September 1993

Hereditary Angioedema: Danazol Therapy in a 5-Year-Old Child

Author Affiliations

Department of Pediatrics Georgetown University Medical Center 3800 Reservoir Rd NW Washington, DC 20007

Am J Dis Child. 1993;147(9):931-932. doi:10.1001/archpedi.1993.02160330021005

Sir.—Hereditary angioedema is a rare autosomal dominant disorder characterized by episodic swelling of the extremities, face, bowel wall, and upper airway. Long-term prophylaxis for symptoms of the disease in adults has been successfully achieved by the use of the attenuated androgen, danazol. There is little experience with the use of danazol in children with this disease. We present herein our experience with the successful use of danazol in reducing the frequency and severity of abdominal pain in a 5-year-old girl with hereditary angioedema.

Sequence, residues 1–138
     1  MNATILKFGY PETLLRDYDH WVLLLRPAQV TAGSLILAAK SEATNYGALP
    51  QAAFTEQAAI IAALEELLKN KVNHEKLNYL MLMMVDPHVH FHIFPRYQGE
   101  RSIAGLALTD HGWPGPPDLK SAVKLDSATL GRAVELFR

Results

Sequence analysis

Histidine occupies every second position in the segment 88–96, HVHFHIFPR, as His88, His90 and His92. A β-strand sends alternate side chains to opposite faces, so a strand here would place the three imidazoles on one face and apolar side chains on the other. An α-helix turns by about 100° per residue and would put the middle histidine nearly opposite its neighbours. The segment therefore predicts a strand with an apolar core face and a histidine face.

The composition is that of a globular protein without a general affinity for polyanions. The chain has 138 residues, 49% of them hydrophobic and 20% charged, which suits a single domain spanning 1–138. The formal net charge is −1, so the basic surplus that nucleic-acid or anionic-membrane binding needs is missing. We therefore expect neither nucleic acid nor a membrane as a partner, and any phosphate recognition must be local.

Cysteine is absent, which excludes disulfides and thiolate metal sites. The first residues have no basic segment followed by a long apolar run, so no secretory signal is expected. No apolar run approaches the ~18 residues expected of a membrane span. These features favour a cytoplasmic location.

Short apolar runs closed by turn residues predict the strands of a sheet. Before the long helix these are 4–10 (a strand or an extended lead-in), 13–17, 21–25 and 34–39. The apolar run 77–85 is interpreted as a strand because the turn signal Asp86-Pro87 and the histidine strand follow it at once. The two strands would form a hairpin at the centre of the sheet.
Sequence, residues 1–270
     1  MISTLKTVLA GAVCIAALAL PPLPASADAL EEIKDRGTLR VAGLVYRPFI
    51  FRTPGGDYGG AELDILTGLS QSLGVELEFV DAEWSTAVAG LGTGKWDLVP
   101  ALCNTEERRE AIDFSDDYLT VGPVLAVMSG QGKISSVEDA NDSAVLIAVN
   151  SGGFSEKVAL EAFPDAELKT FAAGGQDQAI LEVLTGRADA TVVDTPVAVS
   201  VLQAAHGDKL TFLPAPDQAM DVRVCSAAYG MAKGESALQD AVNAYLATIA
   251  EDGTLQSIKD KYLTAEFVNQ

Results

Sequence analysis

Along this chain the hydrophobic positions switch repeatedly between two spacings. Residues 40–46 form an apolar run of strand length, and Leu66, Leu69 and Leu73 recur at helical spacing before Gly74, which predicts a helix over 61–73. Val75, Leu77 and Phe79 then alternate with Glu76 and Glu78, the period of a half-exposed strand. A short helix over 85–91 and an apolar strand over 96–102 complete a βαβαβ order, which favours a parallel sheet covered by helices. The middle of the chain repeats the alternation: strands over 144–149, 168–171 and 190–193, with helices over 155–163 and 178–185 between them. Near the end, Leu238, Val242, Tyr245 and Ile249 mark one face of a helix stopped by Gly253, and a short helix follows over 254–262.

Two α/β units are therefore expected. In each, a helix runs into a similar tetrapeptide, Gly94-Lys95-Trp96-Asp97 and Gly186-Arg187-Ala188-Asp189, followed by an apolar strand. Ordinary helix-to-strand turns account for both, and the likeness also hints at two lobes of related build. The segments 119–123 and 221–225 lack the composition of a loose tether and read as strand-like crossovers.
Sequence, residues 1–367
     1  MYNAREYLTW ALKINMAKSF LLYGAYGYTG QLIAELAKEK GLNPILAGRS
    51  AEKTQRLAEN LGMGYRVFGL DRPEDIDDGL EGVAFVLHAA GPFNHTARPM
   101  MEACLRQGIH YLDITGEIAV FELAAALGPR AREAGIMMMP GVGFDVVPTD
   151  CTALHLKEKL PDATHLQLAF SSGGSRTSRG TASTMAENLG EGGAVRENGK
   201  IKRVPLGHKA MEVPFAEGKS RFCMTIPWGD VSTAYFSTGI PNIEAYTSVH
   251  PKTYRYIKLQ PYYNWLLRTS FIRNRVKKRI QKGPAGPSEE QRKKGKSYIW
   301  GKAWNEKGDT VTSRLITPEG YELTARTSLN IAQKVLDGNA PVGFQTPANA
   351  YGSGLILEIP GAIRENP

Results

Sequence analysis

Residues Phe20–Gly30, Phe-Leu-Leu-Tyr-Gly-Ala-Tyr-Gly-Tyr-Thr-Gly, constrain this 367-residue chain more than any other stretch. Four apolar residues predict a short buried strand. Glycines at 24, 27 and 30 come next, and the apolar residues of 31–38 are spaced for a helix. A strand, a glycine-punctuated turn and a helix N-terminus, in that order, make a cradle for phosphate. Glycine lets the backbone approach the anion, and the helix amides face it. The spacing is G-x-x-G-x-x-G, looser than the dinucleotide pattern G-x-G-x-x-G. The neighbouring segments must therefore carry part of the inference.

Patient Report.—A 5-year-old white girl presented with a history of episodic erythematous rash and mild swelling of the extremities since age 18 months. At age 3½ years, she started to have severe, excruciating, colicky abdominal pain associated with nausea and vomiting and lasting 24 to 72 hours. The attacks of abdominal pain occurred every 2 weeks and consistently followed the appearance of nonpruritic generalized macular

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